Seymour Goodman Reappointed USG Regents’ Professor

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Seymour E. Goodman, a professor of international affairs and computing in the Georgia Institute of Technology’s Sam Nunn School of International Affairs, has been reappointed Regents’ Professor by the University System of Georgia (USG) Board of Regents. The title is the highest academic research recognition bestowed by USG, and represents distinction and achievement in teaching and scholarly research. 

Goodman began his academic career with a B.S. degree in City Planning, Civil Engineering, Applied Mechanics and Mathematics from Columbia University in 1965. Soon after this Goodman completed an M.S. in Applied Mechanics and Mathematics at the same university. In 1970, Goodman obtained his Ph.D. from the California Institute of Technology in Applied Mathematics and Mathematical Physics with a dissertation on hydro-kinetic theory of quantum fluids. Despite his research in applied mathematics and mathematical physics, Goodman began teaching computer science at the Virginia School of Engineering.

In 1976 Goodman became a tenured associate professor of applied mathematics and computer science at the University of Virginia. He began to research the global world of computing, specifically, “how countries under different political and economic systems developed, diffused, and absorbed the information technologies.” This led to a two decade-long task of researching these problems within the context of communist countries and garnered Goodman’s first seven-figure grant.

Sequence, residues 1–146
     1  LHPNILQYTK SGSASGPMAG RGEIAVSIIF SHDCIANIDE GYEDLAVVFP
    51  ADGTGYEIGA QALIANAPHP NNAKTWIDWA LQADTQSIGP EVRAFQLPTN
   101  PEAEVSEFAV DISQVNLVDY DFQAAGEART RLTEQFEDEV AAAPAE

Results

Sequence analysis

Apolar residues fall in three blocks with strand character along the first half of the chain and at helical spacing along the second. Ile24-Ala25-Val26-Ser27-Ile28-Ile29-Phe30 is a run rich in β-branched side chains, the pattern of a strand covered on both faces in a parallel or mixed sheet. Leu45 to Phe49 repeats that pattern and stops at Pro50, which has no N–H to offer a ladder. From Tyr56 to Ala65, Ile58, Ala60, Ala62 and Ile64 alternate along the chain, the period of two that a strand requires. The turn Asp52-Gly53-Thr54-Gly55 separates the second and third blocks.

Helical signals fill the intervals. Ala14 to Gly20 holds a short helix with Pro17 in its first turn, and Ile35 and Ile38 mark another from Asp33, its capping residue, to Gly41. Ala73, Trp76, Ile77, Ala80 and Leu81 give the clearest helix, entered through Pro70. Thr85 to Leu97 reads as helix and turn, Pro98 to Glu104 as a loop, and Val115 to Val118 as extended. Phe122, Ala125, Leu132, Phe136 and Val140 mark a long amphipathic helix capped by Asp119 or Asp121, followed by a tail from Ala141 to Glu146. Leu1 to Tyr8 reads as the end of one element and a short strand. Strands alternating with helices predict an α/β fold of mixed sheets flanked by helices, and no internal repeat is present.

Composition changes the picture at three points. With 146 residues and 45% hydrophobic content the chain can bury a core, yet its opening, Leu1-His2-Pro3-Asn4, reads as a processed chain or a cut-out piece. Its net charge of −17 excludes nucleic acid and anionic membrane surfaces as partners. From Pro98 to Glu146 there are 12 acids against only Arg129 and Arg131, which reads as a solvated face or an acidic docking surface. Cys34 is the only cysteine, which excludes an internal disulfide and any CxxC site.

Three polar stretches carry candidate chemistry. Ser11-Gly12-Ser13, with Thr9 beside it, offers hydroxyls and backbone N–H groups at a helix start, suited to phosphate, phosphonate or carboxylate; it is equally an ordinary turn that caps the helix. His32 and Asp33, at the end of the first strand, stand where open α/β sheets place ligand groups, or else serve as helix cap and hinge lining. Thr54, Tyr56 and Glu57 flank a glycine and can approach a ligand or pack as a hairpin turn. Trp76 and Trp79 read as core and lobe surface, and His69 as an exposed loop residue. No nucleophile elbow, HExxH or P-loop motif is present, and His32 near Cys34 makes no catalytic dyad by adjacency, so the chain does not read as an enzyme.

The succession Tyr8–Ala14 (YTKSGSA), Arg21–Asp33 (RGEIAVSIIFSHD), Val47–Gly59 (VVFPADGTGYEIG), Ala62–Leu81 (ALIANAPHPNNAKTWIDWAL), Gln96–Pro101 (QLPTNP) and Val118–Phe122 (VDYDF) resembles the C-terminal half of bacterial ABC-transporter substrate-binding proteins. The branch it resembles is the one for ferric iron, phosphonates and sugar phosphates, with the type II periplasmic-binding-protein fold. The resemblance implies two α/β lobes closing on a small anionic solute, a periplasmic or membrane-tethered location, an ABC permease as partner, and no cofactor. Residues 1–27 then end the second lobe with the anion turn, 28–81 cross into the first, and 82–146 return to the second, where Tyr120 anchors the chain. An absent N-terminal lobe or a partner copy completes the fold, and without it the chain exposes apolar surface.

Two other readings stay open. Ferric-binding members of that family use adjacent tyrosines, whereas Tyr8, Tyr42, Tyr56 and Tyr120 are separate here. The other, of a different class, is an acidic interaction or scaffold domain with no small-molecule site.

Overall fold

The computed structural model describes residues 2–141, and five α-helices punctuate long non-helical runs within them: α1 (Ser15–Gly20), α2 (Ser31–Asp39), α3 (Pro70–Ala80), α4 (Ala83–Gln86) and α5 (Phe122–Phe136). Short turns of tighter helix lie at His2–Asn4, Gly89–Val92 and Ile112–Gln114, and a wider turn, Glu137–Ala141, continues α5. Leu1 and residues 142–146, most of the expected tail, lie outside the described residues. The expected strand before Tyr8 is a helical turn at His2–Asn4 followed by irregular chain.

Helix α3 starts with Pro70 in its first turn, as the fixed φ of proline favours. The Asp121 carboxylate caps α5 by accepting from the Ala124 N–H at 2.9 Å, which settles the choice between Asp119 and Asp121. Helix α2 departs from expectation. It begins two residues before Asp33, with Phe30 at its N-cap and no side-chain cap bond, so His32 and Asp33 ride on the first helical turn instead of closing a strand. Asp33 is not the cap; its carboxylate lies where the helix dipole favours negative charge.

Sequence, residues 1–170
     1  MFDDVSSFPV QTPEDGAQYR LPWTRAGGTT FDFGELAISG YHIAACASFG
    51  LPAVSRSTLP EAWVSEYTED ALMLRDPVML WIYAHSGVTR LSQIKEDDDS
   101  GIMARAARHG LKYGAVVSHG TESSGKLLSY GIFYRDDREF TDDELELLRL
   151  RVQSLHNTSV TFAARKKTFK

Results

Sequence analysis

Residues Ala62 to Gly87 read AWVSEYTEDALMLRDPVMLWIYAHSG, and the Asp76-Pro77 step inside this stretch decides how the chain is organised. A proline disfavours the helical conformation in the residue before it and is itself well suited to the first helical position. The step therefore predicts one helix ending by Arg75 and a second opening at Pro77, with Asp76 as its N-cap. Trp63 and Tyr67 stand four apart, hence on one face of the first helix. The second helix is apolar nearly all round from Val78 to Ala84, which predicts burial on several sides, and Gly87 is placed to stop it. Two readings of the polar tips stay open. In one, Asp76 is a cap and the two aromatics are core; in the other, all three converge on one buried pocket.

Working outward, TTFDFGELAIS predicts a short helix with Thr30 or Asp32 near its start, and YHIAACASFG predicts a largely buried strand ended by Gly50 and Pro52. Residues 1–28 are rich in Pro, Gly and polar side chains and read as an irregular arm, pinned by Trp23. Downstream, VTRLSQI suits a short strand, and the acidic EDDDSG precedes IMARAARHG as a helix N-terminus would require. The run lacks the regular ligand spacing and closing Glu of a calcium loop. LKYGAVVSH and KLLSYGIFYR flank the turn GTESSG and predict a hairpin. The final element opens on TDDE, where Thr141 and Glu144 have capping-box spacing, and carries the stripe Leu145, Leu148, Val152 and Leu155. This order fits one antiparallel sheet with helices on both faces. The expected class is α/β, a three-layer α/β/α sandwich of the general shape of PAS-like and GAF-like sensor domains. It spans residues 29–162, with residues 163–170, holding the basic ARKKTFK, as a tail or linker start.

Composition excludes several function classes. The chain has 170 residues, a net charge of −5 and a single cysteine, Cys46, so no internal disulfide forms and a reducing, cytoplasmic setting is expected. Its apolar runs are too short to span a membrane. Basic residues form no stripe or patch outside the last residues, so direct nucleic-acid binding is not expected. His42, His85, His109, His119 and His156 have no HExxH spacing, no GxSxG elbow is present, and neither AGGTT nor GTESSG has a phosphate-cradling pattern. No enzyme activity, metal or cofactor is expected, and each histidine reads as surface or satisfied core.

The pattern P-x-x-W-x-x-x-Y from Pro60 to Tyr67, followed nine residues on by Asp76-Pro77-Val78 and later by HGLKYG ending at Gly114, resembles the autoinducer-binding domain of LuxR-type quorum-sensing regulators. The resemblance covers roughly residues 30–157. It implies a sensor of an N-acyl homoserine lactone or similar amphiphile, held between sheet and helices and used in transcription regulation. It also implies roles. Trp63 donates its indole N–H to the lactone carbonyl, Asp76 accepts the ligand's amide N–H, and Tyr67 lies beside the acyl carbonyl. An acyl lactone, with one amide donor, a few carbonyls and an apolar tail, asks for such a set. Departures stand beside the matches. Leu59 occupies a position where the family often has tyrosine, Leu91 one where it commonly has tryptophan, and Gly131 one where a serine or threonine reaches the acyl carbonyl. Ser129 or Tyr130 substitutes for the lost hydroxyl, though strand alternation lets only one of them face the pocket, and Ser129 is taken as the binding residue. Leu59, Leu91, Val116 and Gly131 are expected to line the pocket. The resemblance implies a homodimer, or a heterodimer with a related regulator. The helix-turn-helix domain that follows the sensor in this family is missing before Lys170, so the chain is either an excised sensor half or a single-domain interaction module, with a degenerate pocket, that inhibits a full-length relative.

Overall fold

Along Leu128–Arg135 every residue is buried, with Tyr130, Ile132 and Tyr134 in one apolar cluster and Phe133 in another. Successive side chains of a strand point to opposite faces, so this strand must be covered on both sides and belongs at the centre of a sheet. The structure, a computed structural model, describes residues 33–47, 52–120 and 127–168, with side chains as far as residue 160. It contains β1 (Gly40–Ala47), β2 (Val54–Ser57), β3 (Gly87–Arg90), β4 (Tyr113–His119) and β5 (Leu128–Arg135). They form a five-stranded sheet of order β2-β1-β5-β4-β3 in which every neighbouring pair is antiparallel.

Shortly after the fall of the U.S.S.R., Goodman began studying the national and international dimensions of information security.

“In particular, my students, colleagues, and I thought about international cooperation to deal with cybercrime, what terrorists do in cyberspace, cyber conflict, and actively trying to build information security capacity in the U.S. and developing countries,” said Goodman.

Much of this research was in conjunction with various organizations, such as the International Telecommunication Union and the President’s National Security Telecommunications Advisory Committee.

Goodman came to the Georgia Institute of Technology in 2000 as professor of international affairs and computing and as co-director of the Center for International Strategy, Technology, and Policy (CISTP). He was founding director (now director emeritus) of the Sam Nunn Security Program. Goodman is currently, “looking into developing a program concerned with homeland security including a range of problems confronting democracies that are contending with global terrorism, and resilience in critical infrastructures.”

Goodman has helped to acquire and lead over 250 students and junior faculty from almost 20 different schools and programs at Georgia Tech, as well as four other universities in the greater Atlanta area. Due to the breadth of his work and research, Goodman asserts that, “At one time or another, my studies as a student or my post-1970 positions could have placed me in each of the six colleges at Georgia Tech.”

His work has been supported by more than two dozen funding sources, including multi-year grants from the National Science Foundation and the MacArthur Foundation.


  • Workflow Status: Published
  • Created By: pdemerritt3
  • Created: 05/24/2019
  • Modified By: Rebecca Keane
  • Modified: 05/28/2019

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